John Mary was excited as he watched the masterful old man catch the seeds. He too, emulating Yurok Na, was able to capture two dandelion seeds. He now knew the secret that had eluded him earlier. It made him feel good and he sat down beside Yurok Na feeling pleased with himself.


Beth sat on the grass in front of the porch and leaned slightly on one arm she used to prop herself up. See looked at Yurok Na and then felt a blush from within her when she caught his intense, yet comforting gaze. She looked at Robby, who was about to speak.


“ That’s an interesting story, old man. But, unless I missed something, I don’t see what that has to do with me,” Robby said a little confused.


Yurok Na paused a second or two before turning to deal with Robby’s apparent confusion. He continued to look in Beth’s direction and began by saying, “Yes, you do miss a lot, and you do not see. That is why you are a dandelion chaser. The ripest and most easily caught seeds are right next to you. And yet, you feel you must run after something out of your reach and fail to catch what is there for you all the time. Many men are dandelion chasers because they do not listen to the secret wisdom of their hearts.”


Beth was listening to every word the old man was saying and she began to beam with a big smile at Yurok Na. His eyes smiled brightly to see her lighten up. John Mary moved over to where she sat and laid his head in her lap. Beth reached to stroke his long black hair.


Robby pondered over the story and its meaning. He thought about his lengthy journey and what it symbolized in his quest for self-understanding. Had he ventured far afield from where he had intended for his own life? Did he miss some important part of the big picture that would help him to make sense of the mystery he called life? Or, was he just confused about what the old man was talking about, that it had nothing to do with him? Perhaps he could just dismiss the story as a simple riddle meant for children and was not intended to be anything more. But the truth was, it was a story intended for him, otherwise he would not feel the things stirring within himself as he did now. And, if it were intended for him, would he allow himself to listen and accept the full impact of its medicine.


Beth too, was feeling a shift within her. Yurok Na had touched her. She was aware that he had a powerful and yet simple way of sculpting images that brought clarity in the midst of chaos. She knew that whatever he had said was not intended to be entertainment for the listeners, because she sensed that Yurok Na was not trivial or simple-minded. She wanted to feel the things this gentle old man exuded, and yet she wasn’t anticipating the kind of intensity and focus that she experienced in Yurok Na’s presence.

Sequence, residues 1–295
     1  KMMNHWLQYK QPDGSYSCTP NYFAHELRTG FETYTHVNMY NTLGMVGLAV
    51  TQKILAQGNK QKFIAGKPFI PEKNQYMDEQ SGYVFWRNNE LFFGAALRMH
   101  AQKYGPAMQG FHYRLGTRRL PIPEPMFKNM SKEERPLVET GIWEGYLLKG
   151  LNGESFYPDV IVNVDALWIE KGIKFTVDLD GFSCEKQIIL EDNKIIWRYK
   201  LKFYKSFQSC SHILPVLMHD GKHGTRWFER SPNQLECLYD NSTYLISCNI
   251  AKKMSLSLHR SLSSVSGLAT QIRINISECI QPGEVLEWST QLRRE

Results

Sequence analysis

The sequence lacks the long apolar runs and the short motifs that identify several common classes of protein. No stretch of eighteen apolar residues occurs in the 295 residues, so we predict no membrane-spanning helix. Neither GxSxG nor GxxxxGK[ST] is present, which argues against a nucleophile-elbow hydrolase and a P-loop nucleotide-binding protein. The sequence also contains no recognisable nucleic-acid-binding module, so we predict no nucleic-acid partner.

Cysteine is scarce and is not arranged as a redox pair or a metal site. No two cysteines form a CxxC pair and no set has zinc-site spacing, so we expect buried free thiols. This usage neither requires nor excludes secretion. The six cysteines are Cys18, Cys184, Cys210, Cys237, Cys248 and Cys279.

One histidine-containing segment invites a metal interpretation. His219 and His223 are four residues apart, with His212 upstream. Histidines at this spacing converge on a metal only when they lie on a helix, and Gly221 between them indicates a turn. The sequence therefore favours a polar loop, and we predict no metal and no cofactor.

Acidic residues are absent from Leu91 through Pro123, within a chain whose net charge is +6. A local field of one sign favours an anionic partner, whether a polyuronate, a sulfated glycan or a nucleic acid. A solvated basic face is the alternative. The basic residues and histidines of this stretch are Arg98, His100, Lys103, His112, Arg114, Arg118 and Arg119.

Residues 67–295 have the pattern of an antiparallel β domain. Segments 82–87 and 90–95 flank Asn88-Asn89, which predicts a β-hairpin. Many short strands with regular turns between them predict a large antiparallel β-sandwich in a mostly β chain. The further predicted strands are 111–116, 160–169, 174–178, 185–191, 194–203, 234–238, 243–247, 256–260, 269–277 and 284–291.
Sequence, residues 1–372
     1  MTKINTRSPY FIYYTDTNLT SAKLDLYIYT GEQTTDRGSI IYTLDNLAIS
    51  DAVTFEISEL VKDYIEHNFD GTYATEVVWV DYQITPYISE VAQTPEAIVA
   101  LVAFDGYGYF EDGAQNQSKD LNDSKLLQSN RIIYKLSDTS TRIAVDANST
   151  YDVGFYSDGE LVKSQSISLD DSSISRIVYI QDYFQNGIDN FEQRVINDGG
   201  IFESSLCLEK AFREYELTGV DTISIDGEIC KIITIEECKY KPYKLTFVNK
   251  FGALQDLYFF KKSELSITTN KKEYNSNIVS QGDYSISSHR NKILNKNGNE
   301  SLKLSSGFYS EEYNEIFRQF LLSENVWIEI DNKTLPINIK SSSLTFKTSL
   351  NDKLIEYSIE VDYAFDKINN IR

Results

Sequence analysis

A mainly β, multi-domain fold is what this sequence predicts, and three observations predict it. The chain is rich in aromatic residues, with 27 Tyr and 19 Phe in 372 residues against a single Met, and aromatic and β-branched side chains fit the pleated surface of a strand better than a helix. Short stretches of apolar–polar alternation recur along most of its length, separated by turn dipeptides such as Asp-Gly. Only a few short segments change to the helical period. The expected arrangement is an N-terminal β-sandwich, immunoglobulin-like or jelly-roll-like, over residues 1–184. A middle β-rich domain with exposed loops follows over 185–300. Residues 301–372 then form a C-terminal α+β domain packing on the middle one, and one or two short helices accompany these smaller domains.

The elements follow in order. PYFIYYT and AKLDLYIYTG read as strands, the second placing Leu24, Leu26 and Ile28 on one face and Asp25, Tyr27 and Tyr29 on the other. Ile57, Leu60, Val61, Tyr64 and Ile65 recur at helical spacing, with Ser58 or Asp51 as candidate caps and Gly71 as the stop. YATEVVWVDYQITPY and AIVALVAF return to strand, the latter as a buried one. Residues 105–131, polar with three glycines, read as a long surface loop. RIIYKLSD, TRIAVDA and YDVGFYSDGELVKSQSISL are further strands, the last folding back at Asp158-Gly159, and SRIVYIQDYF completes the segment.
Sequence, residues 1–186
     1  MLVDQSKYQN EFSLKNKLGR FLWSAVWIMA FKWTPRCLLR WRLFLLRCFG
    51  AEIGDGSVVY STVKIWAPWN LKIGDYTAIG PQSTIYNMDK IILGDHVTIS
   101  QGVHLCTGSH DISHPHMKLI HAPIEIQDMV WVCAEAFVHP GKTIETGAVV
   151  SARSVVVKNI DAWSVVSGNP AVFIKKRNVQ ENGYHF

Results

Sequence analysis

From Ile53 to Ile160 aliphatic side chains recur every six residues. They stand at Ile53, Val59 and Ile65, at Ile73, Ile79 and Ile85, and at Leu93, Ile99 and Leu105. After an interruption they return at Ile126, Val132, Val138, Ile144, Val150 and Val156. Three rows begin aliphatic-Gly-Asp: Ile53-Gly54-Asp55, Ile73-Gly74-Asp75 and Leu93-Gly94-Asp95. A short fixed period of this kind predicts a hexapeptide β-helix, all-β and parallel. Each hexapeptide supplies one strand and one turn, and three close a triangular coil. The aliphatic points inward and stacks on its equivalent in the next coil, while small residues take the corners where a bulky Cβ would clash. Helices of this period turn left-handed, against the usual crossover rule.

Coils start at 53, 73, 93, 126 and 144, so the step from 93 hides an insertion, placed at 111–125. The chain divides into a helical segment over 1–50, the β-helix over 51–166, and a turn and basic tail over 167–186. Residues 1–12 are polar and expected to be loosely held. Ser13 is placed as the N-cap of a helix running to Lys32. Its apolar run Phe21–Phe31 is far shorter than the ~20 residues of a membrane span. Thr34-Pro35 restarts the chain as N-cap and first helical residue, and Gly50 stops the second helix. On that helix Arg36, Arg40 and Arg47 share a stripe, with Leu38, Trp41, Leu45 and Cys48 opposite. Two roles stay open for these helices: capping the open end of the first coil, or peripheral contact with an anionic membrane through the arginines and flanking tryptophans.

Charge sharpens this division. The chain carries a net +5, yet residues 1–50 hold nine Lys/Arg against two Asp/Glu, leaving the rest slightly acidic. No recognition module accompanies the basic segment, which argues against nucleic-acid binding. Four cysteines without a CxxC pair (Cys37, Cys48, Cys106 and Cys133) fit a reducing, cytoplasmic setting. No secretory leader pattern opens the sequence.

Beth was roused from her thinking when John Mary spoke in his calm child’s voice. “That feels good,” he said, as he nestled his head in her lap. All the while she had been unconsciously fondling his hair and gently massaging his temples. She felt a hint of maternalism and its ascendant peace. In fact, she felt very much at peace, as though a troubled wound had miraculously begun to heal. She looked at the boy stretched out with his head in her lap and his eyes looking heavy with sleep. She glanced at Robby who was staring almost trance-like, with his lips pursed as if he were intently studying something.


Finally, she turned her eyes toward Yurok Na who sat with his head held straight, a big grin on his face and his eyes looking right through her. She felt as if she had been caught right in the midst of her own thoughts and this strange old man was easily reading each one.


Yurok Na reached his right hand out and placed it on Robby’s knee and said, “How about some honey and tortillas?” With that he stood up and walked into his house to fetch the treats.


Robby looked at Beth as Yurok Na squeezed his knee and arose to go inside. He saw someone different, or better yet, he saw someone differently. He watched as she ran her hand over John Mary’s brow and noticed how caring she was. He saw all the dandelion seeds drifting about her that had been caught up by the breeze that swept across the yard. He thought once more about the story that Yurok Na had told and how he had been chasing dandelions all his life. And in the midst of all this, he saw Beth, a most beautiful flower within his very reach.